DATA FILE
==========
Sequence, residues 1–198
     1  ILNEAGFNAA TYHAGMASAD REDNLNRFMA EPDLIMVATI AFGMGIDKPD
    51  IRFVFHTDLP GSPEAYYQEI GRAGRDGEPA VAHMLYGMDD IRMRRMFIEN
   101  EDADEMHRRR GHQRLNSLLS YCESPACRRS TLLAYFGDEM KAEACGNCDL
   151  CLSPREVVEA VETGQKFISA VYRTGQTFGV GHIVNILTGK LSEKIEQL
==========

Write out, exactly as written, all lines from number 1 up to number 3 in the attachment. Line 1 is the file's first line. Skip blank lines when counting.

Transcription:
Sequence, residues 1–198
     1  ILNEAGFNAA TYHAGMASAD REDNLNRFMA EPDLIMVATI AFGMGIDKPD
    51  IRFVFHTDLP GSPEAYYQEI GRAGRDGEPA VAHMLYGMDD IRMRRMFIEN